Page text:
The competition in this segment is more cutthroat than ever before, and we are seeing brands like Abu Garcia, Quantum and Okuma coming out with very aggressive offerings, and the rebirth of brands like Lew’s providing anglers with even more choices. Is the Curado G going to continue to be the monster reel that it was in the past? Only time will tell. Why do so many anglers have a problem with this reel? It is not because it is a bad performer but because the previous reels were such good performers that they set the bar so high.

Ratings: (We've re-calibrated our ratings standard for 2008 and have included a key at the bottom of the following matrix as a guide):

Shimano Curado 200G5 Ratings (?/10)

Construction/Quality Good build quality that is on par with the previous gen when it comes to the frame but some of the components have been downgraded including the drag star which is no longer made out of aluminum 7.5
Performance The Curado G performed well throughout tests and was significantly better than the Caenan which it now shares a form factor with. The Curado G casts well and has the company's proven Dartanium drag system but the titanium line guide is now gone. The previous generation reel has a higher bearing count but the Curado G was just about as smooth out of the box but didn't stay as smooth over the length of a season 8
Price So why does the Curado G have a 8.5 score here versus the Curado E which had a 9 even though the new reel is 20-40 dollars cheaper? Because most anglers  would willingly pay the extra 20 dollars for the previous reel, and now to get basically the same reel with a slightly modified drag they will need to ante up for the Chronarch E 8.5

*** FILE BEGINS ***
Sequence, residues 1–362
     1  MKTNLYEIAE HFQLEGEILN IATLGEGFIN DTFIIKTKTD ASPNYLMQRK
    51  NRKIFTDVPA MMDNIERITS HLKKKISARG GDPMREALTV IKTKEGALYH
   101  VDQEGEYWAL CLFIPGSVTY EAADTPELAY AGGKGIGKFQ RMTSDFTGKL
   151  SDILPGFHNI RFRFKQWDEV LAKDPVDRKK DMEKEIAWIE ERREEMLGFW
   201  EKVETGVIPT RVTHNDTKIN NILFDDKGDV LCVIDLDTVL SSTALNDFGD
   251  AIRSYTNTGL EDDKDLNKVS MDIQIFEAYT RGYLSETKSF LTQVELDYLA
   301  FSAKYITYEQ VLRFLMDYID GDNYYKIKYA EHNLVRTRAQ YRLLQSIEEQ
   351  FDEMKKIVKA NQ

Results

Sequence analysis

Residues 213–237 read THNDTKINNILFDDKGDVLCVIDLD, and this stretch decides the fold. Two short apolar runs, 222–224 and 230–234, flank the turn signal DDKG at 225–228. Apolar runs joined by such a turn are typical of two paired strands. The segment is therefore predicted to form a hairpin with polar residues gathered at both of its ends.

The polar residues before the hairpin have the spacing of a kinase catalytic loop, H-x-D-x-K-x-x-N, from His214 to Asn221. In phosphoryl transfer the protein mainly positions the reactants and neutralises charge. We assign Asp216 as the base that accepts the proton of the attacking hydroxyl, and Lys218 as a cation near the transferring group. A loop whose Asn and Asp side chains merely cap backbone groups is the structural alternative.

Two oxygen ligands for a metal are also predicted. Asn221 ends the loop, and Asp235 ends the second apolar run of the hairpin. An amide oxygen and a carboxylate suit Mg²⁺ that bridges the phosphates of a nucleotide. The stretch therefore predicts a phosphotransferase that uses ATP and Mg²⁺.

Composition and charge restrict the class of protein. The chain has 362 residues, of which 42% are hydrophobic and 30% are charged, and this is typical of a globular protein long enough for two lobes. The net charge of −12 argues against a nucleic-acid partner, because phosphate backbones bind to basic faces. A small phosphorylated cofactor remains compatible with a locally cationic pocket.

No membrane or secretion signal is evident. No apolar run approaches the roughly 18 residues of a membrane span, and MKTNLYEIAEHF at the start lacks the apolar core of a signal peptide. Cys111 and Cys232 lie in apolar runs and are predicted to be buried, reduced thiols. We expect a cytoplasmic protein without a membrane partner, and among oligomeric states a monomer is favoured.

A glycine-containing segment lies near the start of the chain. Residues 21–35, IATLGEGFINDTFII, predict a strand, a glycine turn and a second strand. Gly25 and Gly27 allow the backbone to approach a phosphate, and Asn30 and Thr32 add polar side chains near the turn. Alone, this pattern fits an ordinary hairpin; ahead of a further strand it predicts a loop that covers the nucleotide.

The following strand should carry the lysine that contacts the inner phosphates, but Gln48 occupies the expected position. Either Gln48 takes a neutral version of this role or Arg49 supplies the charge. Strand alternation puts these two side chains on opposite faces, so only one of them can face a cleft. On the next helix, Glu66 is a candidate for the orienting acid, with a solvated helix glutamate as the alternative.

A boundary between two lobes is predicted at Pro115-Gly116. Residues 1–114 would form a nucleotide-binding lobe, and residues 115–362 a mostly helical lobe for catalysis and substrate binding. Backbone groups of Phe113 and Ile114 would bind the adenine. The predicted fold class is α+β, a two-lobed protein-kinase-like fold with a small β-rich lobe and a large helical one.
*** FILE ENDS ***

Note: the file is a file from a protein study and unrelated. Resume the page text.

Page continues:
Features The Curado G has a reduced bearing count and no titanium line guide but still manages to deliver plenty of what anglers like about Shimano baitcasters including HEG gearing, VBS cast control, Super Stopper, and the anodized spool and handle are a nice touch that gives the new reel some extra corrosion resistance and a more stealthy look. 7.5
Design (Ergonomics) The Curado G5 gets the same score as the previous model for ergonomics. I personally prefer the dimensions and shape of the previous version but the reduced weight on the new Curado G is welcome. The use of the extra large Septon PV power grips on all models is excellent 8
Application Like the previous version the Curado G is a good choice for a wide range of applications ranging from freshwater to inshore fishing. The new anodized surfaces and composite drag star reduce components that will corrode but are arguably less refined, a little give and take here but at the end of the day the Curado G continues to be a great choice for crossover anglers that enjoy fishing for everything from bass to redfish 8